 Processor to network interfaces

7. Processor System Design

 The CPU interface: clock, control, data and address buses

 Address decoding and memory interfacing

 Basic parallel and serial interfaces

 Timers

 System firmware

8. Organization of the CPU

 Implementation of the von Neumann machine

 Single vs. multiple bus data paths

 Instruction set architecture

 Machine architecture as a framework for encapsulating design decisions

 Relationship between the architecture and the compiler

 Implementing instructions

 Control unit: hardwired realization vs. microprogrammed realization

 Arithmetic units, for multiplication and division

 Instruction pipelining

 Trends in computer architecture: CISC, RISC, VLIW

 Introduction to instruction-level parallelism (ILP)

 Pipeline hazards: structural, data and control, reducing the effects of hazards.

9. Performance

 Metrics for computer performance; clock rate, MIPS, Cycles per instruction, benchmarks

 Strengths and weaknesses of performance metrics

 Averaging metrics: arithmetic, geometric and harmonic

 The role of Amdahl’s law in computer performance

10. Distributed System Models

 Classification of models: parallel machine models (SIMD, MIMD, SISD, MISD)

 Flynn’s taxonomy, Handler’s classification, message passing , Granularity, levels of parallelism,

 Multiprocessors and multi-computers

 Topology, tightly coupled and loosely coupled architectures

 Processes: threads, clients, servers, code migration, software agents,

 Physical and logical clocks: clock synchronizing algorithms, Lamport timestamps, vector timestamps,

 Election Algorithms,

 Mutual Exclusion algorithms,

 Distributed transactions: models, classification, concurrency control

Learning Outcomes

On completion of this course the student should be able to:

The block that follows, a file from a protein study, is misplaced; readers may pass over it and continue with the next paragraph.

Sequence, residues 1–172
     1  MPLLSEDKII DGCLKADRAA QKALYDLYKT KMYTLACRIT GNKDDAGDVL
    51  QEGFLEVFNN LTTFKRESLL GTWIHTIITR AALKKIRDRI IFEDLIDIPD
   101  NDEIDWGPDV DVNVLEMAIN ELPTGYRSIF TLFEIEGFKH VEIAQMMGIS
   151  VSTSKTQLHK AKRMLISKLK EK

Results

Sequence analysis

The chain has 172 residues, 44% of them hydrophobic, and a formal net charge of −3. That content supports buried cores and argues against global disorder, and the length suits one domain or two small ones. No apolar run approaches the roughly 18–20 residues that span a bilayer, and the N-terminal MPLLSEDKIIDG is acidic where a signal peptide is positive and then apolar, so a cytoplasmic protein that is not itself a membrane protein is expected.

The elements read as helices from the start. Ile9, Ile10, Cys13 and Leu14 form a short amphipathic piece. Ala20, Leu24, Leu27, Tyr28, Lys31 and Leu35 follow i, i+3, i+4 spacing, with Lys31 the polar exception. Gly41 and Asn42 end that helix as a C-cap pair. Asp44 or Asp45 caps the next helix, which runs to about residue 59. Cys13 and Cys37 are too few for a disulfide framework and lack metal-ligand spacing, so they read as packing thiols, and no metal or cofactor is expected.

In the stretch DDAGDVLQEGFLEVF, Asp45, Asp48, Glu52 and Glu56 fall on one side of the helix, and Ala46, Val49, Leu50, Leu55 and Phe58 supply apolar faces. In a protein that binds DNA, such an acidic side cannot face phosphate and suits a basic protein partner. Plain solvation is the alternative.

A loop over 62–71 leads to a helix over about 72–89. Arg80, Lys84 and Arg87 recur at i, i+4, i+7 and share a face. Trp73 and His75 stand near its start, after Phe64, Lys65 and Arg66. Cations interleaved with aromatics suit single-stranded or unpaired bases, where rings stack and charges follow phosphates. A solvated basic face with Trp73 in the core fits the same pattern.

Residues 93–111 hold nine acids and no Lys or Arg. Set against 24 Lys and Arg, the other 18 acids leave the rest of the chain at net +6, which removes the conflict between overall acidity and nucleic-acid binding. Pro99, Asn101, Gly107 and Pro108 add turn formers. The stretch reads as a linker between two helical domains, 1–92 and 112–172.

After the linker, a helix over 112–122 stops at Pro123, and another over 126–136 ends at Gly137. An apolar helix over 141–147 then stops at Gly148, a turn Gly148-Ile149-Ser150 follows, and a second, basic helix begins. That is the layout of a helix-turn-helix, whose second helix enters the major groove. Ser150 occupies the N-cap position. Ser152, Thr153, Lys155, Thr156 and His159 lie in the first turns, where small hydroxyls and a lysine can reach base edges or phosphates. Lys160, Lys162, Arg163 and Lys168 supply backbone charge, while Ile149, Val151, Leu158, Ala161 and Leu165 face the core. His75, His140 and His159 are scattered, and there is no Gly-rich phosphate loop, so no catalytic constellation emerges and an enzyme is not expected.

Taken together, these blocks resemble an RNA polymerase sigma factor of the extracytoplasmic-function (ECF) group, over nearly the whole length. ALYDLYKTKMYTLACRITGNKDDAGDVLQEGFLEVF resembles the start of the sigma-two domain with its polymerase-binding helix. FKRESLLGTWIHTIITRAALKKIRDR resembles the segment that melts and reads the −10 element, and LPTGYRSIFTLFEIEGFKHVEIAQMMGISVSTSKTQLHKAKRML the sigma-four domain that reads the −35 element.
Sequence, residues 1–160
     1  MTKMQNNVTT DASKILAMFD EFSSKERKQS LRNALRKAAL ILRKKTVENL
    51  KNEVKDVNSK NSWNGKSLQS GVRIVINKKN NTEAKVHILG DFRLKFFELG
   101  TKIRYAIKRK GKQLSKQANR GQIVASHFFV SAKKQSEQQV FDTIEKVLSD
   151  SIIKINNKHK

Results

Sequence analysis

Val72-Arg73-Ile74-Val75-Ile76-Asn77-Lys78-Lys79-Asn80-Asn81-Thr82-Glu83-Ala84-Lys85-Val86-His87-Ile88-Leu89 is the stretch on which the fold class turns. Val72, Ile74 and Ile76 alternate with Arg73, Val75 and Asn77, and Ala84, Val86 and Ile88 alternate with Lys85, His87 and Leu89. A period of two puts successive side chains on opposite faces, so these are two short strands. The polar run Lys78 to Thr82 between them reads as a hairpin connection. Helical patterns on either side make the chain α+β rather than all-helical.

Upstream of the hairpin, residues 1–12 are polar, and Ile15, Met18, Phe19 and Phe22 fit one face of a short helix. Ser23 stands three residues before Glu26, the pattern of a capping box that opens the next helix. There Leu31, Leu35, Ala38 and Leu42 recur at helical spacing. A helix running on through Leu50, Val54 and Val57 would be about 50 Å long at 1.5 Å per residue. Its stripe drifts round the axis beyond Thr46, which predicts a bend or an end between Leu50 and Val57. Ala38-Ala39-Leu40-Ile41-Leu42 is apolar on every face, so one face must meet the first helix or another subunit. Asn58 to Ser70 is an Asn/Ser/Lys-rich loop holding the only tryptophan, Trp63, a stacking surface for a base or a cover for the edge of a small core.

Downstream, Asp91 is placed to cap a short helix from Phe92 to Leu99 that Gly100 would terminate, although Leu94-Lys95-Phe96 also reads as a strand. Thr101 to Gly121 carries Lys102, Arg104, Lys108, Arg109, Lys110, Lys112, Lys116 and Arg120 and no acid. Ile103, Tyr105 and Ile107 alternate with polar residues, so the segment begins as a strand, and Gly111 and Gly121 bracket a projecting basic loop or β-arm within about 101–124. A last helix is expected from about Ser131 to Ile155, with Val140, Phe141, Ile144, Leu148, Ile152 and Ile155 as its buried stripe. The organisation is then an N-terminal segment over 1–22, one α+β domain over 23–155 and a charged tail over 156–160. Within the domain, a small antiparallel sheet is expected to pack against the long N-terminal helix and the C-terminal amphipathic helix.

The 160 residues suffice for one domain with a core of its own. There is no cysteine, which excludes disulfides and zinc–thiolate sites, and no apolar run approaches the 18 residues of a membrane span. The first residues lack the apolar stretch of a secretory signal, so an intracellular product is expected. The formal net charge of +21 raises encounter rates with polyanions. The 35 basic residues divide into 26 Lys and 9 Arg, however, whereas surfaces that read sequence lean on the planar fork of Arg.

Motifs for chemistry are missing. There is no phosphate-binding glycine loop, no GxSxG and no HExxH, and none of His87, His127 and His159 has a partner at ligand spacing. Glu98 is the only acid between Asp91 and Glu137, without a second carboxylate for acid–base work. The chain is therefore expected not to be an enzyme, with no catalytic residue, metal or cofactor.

 Identify some contributors to computer architecture and organization and relate their achievements to the knowledge area; explain the reasons and strategies for different architectures; articulate differences between computer organization and computer architecture; identify some of the components of a computer; indicate some strengths and weaknesses inherent in different architectures; and describe how computer engineering uses or benefits from computer architecture and organization.

 Explain the organization of a von Neumann machine and its major functional units; explain how a computer fetches from memory and executes an instruction; articulate the strengths and weaknesses of the von Neumann architecture; explain the relationship between the representation of machine level operation at the binary level and their representation by a symbolic assembler; explain why adesigner adopted a given different instruction formats, such as the number of addresses per instruction and variable length vs. fixed length formats; write small progr ams and fragments of assembly language code to demonstrate an understanding of machine level operations; implement some fundamental high- level programming constructs at the machine-language level; and use computer simulation packages to investigate assembly language programming

 Appreciate how numerical values are represented in digital computers; understand the limitations of computer arithmetic and the effects of errors on calculations; and appreciate the effect of a processor’s arithmetic unit on its overall performance